At 2023-01-24 19:00 An update was made to the Cloudflare API account which incorrectly overwrote the Cloudflare API account. Impact restarted for Cache Purge, Cache Reserve, Images and R2. All internal Cloudflare account changes were then locked until incident resolution.

At 2023-01-24 19:07 the Cloudflare API was updated to include the correct service token value. Impact ended for Cache Purge, Cache Reserve, Images and R2.

At 2023-01-24 19:51 all affected accounts had their service tokens restored from a database backup. Incident Ends.

What was released and how did it break?

The Access team was rolling out a new change to service tokens that added a “Last seen at” field. This was a popular feature request to help identify which service tokens were actively in use.

What went wrong?

The “last seen at” value was derived by scanning all new login events in an account’s login event Kafka queue. If a login event using a service token was detected, an update to the corresponding service token’s last seen value was initiated.

In order to update the service token’s “last seen at” value a read write transaction is made to collect the information about the corresponding service token. Service token read requests redact the “client secret” value by default for security reasons. The “last seen at” update to the service token then used that information from the read did not include the “client secret” and updated the service token with an empty “client secret” on the write.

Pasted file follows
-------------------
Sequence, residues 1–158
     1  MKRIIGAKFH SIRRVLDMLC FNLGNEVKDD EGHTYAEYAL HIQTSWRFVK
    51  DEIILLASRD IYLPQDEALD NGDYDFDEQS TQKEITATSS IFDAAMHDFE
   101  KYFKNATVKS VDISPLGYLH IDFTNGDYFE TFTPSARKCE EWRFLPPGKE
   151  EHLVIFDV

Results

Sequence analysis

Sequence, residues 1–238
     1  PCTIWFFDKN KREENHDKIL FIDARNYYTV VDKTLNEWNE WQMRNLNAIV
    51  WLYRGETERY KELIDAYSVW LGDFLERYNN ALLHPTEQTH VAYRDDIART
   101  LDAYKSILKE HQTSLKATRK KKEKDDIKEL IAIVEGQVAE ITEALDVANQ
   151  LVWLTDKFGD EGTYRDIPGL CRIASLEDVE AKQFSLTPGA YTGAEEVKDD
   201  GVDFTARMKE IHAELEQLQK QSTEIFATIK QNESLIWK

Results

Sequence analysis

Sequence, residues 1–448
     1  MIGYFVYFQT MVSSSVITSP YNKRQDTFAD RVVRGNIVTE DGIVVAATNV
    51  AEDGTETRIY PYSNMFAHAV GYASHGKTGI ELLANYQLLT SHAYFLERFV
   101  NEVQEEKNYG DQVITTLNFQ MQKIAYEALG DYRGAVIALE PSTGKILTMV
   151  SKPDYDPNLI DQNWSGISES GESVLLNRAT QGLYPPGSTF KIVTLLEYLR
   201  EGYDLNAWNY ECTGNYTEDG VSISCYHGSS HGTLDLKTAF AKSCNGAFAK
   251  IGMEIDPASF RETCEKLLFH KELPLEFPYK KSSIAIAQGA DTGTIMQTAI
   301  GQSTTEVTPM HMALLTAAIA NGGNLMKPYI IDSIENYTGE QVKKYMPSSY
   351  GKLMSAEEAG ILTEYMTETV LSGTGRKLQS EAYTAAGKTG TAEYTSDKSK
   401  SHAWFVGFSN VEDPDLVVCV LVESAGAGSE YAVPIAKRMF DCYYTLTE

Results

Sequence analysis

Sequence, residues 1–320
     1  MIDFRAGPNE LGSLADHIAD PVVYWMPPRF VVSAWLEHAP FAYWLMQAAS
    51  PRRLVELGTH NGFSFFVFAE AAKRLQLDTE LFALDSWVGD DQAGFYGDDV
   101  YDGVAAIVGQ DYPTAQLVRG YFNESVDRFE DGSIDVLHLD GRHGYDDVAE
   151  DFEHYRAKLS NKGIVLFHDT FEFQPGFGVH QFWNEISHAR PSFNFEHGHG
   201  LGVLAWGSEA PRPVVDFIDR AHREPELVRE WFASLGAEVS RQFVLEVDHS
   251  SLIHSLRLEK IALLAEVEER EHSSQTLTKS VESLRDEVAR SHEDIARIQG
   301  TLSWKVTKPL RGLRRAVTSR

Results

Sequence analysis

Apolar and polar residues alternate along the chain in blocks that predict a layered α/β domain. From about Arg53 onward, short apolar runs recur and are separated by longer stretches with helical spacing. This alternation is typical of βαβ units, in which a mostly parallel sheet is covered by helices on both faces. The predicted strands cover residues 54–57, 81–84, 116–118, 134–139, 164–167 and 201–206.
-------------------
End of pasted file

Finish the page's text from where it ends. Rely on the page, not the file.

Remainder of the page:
An example of the correct and incorrect service token values shown below:

Example Access Service Token values

  "1a4ddc9e-a1234-4acc-a623-7e775e579c87": {
    "client_id": "6b12308372690a99277e970a3039343c.access",
    "client_secret": "<hashed-value>", <-- what you would expect
    "expires_at": 1698331351
  "23ade6c6-a123-4747-818a-cd7c20c83d15": {
    "client_id": "1ab44976dbbbdadc6d3e16453c096b00.access",
    "client_secret": "", <--- this is the problem
    "expires_at": 1670621577

The service token “client secret” database did have a “not null” check however in this situation an empty text string did not trigger as a null value.

As a result of the bug, any Cloudflare account that used a service token to authenticate during the 10 minutes “last seen at” release was out would have its “client secret” value set to an empty string. The service token then needed to be modified in order for the empty “client secret” to be used for authentication. There were a total of 4 accounts in this state, all of which are internal to Cloudflare.

How did we fix the issue?

As a temporary solution, we were able to manually restore the correct service token values for the accounts with overwritten service tokens. This stopped the immediate impact across the affected Cloudflare services.

The database team was then able to implement a solution to restore the service tokens of all impacted accounts from an older database copy. This concluded any impact from this incident.

Why did this impact other Cloudflare services?

Service tokens impact the ability for accounts to authenticate. Two of the impacted accounts power multiple Cloudflare services. When these accounts’ services tokens were overwritten, the services that run on these accounts began to experience failed requests and other unexpected errors.